A majority of SearchCRM.com readers think that, if Oracle Corp. succeeds in acquiring rival PeopleSoft Inc., the move would ultimately hurt business applications users, according to an exclusive survey.
Six out of every 10 respondents said the deal would not be good for PeopleSoft's current customers. Fifty-four percent said that less competition in the CRM market would hike costs, and 51% said it would reduce overall software quality.
Overall, more than 450 people took the online survey, which was launched June 6 -- the day Redwood Shores, Calif.-based Oracle announced its hostile takeover bid for PeopleSoft, Pleasanton, Calif. Oracle is currently waiting for PeopleSoft shareholders to weigh in on its offer, which it recently upped to $6.3 billion, or $19.50 per share.
Among the respondents, 55% said they currently have a significant application investment with Oracle, 28% identified themselves as PeopleSoft customers, 30% do business with SAP AG and 20% run Siebel Systems Inc.'s applications.
Patrick Harris, IT manager at Sealing Devices Inc., in Lancaster, N.Y., recently wrapped up an ERP and CRM implementation and considered PeopleSoft software before opting for Oracle. He expects market consolidation ultimately to ease integration with suppliers and partners by causing shops to standardize on a handful of platforms.
"It strengthens Oracle's position in the marketplace. From a selfish perspective, we made the right decision," Harris said. "I would not feel the same way as a PeopleSoft customer, though."
In fact, only 25% of those surveyed said the Oracle acquisition would benefit PeopleSoft CRM users. Fifty-two percent said the deal would be good for shops running Oracle CRM. Oracle has said that it would eventually discontinue PeopleSoft's product line. It hasn't said whether it would continue with PeopleSoft's planned merger with midmarket provider J.D. Edwards & Co., Denver.
"PeopleSoft users are definitely concerned that, down the road, they're going to lose support," said Steve Bonadio, senior program director at Stamford, Conn.-based Meta Group. "And the consensus is that, if Oracle succeeds, it won't want to take on J.D. Edwards, which is disappointing to those users because I think they saw [an] upside to the merger with PeopleSoft."
Bonadio said the proposed Oracle-PeopleSoft deal is a greater threat to ERP customers than to CRM customers.
"The elimination of PeopleSoft really limits the choice of tier-one ERP vendors to Oracle and SAP," he said. "I don't necessarily see this as throwing a monkey wrench in the CRM industry."
Looking forward, the survey did not offer a clear sign as to how the acquisition would impact Oracle's effort to attract customers. Forty-three percent said they would neither be more nor less likely to buy software from the vendor if the bid is accepted, while 31% reported that they would be more likely to buy software from Oracle and 26% said they would be less likely to do so.
Bonnie Stribley, sales force automation manager at Forest Laboratories Inc., in New York, is currently running software from pharmaceutical specialist Dendrite International Inc., but she is considering other options from other vendors. She thinks consolidation ultimately hurts the user.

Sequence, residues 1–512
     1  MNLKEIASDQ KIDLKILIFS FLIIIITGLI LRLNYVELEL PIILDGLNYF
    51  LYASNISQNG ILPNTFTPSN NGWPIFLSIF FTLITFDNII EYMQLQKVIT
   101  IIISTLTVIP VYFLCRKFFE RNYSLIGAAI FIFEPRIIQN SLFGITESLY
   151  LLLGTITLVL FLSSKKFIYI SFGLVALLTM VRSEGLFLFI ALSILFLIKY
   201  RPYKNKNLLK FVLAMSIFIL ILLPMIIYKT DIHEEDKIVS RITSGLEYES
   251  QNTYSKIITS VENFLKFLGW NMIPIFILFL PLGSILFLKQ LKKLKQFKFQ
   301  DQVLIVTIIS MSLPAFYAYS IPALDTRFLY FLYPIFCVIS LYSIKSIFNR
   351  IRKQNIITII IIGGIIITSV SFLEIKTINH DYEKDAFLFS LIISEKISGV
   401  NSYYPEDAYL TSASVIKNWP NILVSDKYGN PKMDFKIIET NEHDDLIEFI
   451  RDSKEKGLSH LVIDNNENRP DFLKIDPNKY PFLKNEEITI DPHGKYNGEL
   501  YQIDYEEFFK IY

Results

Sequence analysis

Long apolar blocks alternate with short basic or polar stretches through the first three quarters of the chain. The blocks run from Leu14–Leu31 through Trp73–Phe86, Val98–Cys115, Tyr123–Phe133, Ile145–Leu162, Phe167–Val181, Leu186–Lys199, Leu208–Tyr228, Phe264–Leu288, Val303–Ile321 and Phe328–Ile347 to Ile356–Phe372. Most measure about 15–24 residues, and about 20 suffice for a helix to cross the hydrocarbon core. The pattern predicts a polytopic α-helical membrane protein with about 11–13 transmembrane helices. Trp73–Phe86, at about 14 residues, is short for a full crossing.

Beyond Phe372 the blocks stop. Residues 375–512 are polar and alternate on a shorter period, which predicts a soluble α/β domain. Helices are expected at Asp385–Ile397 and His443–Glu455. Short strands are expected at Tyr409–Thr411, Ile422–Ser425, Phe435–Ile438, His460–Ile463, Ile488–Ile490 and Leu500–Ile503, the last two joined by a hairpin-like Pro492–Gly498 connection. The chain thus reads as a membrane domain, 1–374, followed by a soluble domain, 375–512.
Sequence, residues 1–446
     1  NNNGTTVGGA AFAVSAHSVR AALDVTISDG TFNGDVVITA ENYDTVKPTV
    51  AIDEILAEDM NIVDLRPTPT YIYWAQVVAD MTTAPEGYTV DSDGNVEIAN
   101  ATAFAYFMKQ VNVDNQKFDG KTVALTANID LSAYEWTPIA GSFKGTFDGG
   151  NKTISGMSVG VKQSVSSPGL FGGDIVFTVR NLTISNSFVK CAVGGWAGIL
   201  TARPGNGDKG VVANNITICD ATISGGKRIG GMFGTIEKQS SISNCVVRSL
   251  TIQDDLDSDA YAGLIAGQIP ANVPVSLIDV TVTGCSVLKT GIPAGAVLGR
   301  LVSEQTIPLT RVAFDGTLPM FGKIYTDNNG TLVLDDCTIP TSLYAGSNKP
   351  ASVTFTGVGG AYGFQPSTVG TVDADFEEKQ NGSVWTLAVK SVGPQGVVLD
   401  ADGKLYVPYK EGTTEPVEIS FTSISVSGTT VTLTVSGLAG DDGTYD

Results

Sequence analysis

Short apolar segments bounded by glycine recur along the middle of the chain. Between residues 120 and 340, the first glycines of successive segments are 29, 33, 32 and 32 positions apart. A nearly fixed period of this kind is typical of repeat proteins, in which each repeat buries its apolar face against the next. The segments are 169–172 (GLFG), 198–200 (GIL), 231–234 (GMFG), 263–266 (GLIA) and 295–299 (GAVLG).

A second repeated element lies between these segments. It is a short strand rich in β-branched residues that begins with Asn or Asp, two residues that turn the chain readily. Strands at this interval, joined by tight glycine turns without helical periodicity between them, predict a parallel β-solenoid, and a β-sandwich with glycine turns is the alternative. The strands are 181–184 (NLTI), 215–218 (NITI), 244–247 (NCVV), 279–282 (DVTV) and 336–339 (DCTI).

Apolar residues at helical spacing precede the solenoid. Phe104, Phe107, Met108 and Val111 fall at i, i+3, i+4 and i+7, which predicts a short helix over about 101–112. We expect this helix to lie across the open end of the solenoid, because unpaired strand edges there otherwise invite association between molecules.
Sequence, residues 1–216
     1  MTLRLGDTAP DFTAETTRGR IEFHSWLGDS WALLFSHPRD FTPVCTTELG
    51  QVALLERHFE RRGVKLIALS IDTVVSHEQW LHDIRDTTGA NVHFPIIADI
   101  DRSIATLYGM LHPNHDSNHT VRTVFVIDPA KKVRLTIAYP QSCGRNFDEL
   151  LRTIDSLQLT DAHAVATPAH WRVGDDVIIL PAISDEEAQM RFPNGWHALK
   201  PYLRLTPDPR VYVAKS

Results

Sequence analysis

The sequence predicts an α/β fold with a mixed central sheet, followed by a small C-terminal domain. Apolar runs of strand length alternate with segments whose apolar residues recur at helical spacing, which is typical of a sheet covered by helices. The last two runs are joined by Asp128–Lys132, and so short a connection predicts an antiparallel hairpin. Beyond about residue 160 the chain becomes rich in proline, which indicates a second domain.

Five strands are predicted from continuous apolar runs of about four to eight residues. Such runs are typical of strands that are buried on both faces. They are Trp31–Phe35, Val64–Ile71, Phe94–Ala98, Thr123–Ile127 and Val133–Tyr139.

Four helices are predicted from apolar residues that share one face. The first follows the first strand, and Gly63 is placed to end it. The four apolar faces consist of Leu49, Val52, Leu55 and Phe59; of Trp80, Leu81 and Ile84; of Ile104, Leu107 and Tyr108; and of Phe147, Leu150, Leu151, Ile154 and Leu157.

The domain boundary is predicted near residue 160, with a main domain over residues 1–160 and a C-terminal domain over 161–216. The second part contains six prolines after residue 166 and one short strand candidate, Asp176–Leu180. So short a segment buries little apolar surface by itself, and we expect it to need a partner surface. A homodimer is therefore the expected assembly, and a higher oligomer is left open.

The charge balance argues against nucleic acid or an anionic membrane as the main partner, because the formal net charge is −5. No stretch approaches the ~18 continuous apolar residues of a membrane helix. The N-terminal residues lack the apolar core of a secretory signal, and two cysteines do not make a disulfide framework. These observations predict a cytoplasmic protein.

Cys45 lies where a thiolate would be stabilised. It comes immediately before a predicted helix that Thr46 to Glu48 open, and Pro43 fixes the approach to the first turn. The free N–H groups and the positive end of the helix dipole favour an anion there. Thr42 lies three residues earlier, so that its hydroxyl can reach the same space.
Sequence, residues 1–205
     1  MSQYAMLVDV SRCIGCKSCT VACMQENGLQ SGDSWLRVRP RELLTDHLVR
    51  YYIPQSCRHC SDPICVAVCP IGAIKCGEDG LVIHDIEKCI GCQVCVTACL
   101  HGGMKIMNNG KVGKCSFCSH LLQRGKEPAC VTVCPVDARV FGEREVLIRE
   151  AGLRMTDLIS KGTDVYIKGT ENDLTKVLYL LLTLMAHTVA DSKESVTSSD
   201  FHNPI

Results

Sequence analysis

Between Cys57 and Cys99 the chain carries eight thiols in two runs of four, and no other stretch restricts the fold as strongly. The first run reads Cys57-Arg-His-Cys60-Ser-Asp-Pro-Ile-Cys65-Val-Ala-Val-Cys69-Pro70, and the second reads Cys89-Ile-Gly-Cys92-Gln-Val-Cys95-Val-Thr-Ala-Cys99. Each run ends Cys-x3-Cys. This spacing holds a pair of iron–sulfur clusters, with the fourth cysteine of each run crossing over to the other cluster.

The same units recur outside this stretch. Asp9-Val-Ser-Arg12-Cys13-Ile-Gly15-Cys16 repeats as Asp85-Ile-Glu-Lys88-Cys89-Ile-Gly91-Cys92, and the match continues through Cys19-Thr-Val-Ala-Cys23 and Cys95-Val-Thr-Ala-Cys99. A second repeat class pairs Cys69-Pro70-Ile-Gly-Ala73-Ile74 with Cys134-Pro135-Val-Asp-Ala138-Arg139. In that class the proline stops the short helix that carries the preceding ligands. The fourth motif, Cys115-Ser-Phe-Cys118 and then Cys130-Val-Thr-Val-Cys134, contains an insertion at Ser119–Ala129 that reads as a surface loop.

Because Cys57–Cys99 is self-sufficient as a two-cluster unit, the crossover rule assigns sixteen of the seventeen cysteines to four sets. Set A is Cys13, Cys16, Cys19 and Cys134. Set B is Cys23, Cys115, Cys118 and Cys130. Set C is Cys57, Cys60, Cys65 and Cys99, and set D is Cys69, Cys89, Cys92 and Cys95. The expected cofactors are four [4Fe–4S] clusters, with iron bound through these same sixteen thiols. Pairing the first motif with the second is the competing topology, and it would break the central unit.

"It limits our choices," she said. "That's the hardest thing."
Only 26% of respondents said the deal would improve overall product quality by making Oracle a stronger competitor.
Bonadio believes that the elimination of PeopleSoft from the CRM market would encourage users to make buying decisions based more on quality of technology, as opposed to the long-term viability of a particular vendor. He said that, if a heavyweight like PeopleSoft can be bought, vendor viability may be less of an issue plaguing smaller providers.
"I think this opens some new options to users, in terms of considering smaller players with best-in-class technology," Bonadio said. "Companies like Kana, Unica, Onyx or Pivotal could actually benefit from the consolidation among the larger players."
Bonadio said he did not feel the merger would drive up CRM applications pricing, at least not in the near future.
Scott Nelson, a vice president at Gartner Inc., in Stamford, Conn., prefaced any comment on the potential acquisition by saying he does not think it will win shareholder approval.
Nelson agreed that the deal would hurt PeopleSoft users most and said he feels the reduced number of enterprise vendors would negatively impact the CRM market overall. However, he agreed that the deal could create some opportunity for smaller vendors to fill the void left by PeopleSoft.
"We've already seen this happen to some extent over the past few years, as Siebel's grip on the market has been weakened," Nelson said. "In the short term, there will most likely be a negative impact but, long term, there may be some good here for vendors outside the enterprise space."
Nelson's greatest concern is that uncertainty touched off by the Oracle bid may put off renewed growth of the CRM market, which he had begun to see taking shape.
"Certainly, this will cause many CRM buyers to put spending back on hold, and we had begun to see things improving, so that could be the worst part of all this," Nelson said.
News editor Jon Panker contributed to this report.
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